Recode’s Kara Swisher broke the news yesterday that Yahoo’s highly regarded editor-in-chief Jai Singh is leaving the company. The news comes barely a day after CEO Marissa Mayer’s high profile filing of COO Henrique De Castro and a major reorganization that places the media unit under CMO Kathy Savitt.
Swisher wrote: “Appointing a marketing person to be in charge of editorial is probably enough of a reason for many journalists to run screaming from the building, but it’s not clear what prompted Singh’s exit. In addition, Savitt has a very mixed reputation — and this is me being polite — inside Yahoo.”
This is disappointing news. With its recent keynote at CES, Yahoo had outlined a future where it would strive to be a leader in quality news content. It had made some high profile hires in the field, including David Pogue from the New York Times and Katie Couric, which gave the company some hefty journalistic credibility. By putting a marketing person in charge of the news, it runs the risk of becoming just another content farm, not to mention running into a big mess of ethical conflict. Singh had solid journalism credentials, as the founder of CNET and a stint at The Huffington Post. It isn’t difficult to see why he might have chafed under having to answer to the CMO.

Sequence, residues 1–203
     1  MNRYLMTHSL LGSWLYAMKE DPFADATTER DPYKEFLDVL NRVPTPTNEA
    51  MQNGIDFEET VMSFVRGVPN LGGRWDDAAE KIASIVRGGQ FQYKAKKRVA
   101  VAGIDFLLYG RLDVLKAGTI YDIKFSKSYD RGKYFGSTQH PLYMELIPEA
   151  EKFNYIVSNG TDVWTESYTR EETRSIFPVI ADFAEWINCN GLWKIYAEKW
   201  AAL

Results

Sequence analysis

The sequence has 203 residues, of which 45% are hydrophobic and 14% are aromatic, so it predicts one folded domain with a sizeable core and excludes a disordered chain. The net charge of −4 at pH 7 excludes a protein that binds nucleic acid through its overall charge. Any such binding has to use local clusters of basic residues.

Brands are supposed to take their content cues from media outlets, not the other way round. By bringing the media unit under the CMO, Mayer is limiting just how far the company can go when it comes to producing original news content. Already there’s been complaints of Yahoo’s news offerings as being less than independent, (especially in this interview David Pogue did with Summly founder Nick D’Aloisio) By putting the CMO in charge of the news, Mayer has merged two units with competing goals. There’s delivering the news to the people, and then there’s promoting Yahoo products. Guess which one will priority number one for Savitt?